Things to note with an audio MCU, is that the MCU needs to generate quite a few different outgoing streams. For 10 participants with 4 speakers (at Last-4 configuration), it would be something like this:

We have 5 separate mixers at play here:

  • 1 mixing all 4 active speakers
  • 4 mixing only 3 out of the 4 each time – we don’t want to send the person speaking his own audio mixed in the stream
Routing gets you better flexibility

Why do we use an SFU for audio conferences? Because we use it for video already… or because we believe this is the modern way of doing things these days.

When it comes to routing audio, the thing to remember is that we have a delicate balance between the SFU and the participants, each playing a part here to get a better experience at the end of the day.

Here are the tools I’d use for an audio SFU:

ToolUse?ReasoningAudio levelWe must have this thing implemented and enabled, especially since we really really really want to be able to conduct Last-N logic and not send each user all audio channels from all other participantsDTXWe can use this to detect silence as well here (and remove from Last-N logic). On the sending logic, the SFU can decide to DTX the channels in Last-N that are silent or at a low volume to save a bit of extra bandwidth (a minor optimization)PLCNot needed. We route the audio packets and let the participants fix any losses that take placeRTX & NACKTo early to do this todayFEC and REDThis can be added on the receiver and sender side in the SFU to improve audio quality. Adding logic to dynamically device when and how much redundancy based on network conditions is also an advantage hereLast-NLast-3 is a good default. Probably best to keep this at most at Last-5 since the decision here means more CPU use on the participants’ sideNoise suppressionNot needed. This can be done on the participants’ side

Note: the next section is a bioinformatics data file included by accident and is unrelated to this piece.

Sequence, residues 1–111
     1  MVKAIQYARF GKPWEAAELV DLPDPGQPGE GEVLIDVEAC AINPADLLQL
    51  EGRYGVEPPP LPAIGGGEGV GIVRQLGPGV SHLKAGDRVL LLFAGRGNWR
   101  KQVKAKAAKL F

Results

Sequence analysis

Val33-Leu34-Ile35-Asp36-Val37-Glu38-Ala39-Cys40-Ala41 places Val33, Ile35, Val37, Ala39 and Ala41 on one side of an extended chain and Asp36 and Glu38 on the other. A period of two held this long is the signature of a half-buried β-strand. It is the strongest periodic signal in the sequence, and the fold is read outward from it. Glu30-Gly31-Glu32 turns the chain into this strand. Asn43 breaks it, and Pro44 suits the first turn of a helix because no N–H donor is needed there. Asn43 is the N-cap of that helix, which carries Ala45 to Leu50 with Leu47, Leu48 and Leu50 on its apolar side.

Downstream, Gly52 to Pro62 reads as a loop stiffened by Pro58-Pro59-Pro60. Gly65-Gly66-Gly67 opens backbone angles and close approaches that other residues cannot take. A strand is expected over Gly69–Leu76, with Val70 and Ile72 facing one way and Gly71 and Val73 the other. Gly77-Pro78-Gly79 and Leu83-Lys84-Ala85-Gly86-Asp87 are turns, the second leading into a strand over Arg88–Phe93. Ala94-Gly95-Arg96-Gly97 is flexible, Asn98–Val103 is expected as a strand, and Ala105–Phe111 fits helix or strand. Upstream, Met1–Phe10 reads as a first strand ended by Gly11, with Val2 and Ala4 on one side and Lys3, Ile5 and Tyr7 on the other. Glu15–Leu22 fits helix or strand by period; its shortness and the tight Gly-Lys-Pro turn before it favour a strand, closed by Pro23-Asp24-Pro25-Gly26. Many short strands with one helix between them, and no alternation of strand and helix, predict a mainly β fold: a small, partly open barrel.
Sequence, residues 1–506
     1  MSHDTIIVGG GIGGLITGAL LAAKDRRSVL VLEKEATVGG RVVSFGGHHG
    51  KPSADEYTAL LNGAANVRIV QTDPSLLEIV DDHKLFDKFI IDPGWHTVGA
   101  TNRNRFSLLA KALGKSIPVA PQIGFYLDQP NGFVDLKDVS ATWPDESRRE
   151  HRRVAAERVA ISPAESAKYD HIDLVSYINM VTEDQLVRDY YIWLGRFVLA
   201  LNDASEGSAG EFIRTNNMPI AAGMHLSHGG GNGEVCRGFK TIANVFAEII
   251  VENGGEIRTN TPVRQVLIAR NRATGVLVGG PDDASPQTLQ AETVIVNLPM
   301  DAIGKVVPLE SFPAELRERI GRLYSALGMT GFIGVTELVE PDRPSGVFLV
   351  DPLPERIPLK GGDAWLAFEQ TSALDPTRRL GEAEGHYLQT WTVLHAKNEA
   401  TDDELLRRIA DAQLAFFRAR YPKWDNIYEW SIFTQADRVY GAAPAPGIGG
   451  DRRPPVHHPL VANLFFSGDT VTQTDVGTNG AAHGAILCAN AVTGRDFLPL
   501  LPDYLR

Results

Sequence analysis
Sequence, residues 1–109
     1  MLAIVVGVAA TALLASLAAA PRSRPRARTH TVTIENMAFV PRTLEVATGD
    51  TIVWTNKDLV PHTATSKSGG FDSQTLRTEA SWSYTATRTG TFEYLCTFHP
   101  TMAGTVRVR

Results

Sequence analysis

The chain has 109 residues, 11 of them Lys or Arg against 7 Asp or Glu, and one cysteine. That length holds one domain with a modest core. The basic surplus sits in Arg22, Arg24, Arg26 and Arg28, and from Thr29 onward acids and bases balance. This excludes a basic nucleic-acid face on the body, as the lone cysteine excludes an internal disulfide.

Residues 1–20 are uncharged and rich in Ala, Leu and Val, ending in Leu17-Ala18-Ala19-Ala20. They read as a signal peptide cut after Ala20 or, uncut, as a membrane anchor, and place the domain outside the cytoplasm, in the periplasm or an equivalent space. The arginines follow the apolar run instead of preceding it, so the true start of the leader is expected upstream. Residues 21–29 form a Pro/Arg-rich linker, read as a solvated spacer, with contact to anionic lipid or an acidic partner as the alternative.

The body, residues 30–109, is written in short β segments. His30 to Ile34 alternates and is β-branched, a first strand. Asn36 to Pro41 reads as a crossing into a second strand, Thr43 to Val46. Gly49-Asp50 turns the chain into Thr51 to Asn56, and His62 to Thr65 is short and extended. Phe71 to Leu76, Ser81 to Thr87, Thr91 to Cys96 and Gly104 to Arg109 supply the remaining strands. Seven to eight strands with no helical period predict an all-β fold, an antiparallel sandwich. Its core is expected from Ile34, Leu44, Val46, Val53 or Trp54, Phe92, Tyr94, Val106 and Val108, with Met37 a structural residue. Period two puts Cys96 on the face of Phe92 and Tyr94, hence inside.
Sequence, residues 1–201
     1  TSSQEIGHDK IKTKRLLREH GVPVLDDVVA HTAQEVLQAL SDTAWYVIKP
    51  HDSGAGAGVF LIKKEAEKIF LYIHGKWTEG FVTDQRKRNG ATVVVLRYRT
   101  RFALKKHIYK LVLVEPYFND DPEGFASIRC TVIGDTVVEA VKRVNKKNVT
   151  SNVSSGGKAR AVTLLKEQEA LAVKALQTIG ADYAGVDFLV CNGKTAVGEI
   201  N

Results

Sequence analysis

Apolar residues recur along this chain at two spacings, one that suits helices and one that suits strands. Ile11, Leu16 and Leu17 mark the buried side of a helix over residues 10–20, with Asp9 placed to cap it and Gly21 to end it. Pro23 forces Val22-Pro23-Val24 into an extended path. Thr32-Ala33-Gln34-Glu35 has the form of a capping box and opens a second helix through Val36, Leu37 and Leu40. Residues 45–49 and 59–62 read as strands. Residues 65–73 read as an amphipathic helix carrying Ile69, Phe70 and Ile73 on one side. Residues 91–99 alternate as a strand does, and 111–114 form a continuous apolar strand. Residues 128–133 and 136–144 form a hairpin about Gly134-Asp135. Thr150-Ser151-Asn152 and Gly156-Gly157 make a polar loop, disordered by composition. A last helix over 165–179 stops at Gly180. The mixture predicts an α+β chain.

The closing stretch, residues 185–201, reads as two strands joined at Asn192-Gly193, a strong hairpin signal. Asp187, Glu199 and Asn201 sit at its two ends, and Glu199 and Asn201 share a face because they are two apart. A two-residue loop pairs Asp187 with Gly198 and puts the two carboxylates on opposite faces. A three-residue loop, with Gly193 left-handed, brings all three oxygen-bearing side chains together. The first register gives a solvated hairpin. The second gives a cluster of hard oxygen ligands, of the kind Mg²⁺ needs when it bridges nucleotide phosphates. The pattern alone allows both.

In many ways, an audio SFU is simpler to implement than an audio MCU, but tweaking it just right to gain all the benefits and optimizations from the client implementation is the tricky part.

Where the rubber hits the road – let’s talk use cases

As with everything else I deal with, which approach to use depends on the circumstances. One of the main deciding criteria in this case is going to be the use case you are dealing with and the scenario you are solving this for.

Here are a few that came to mind.

Gateway to the old world

The first one is borderline “obvious”.

Before WebRTC, no one really did an audio conference using an SFU architecture. And if they did, it was unique, proprietary and special. The world revolved and still revolves around MCU and mixing audio bridges.

If your service needs to connect to legacy telephony services, existing deployments of VoIP services running over SIP (or god forbid H.323), connect to a large XMPP network – whatever it may be – that “other” world is going to be running as an MCU. Each device is likely capable of handling only one incoming audio stream.

So trying to connect a few users from your service (no matter if you are using an SFU or an MCU) would need to mix these users when connecting them to the legacy service.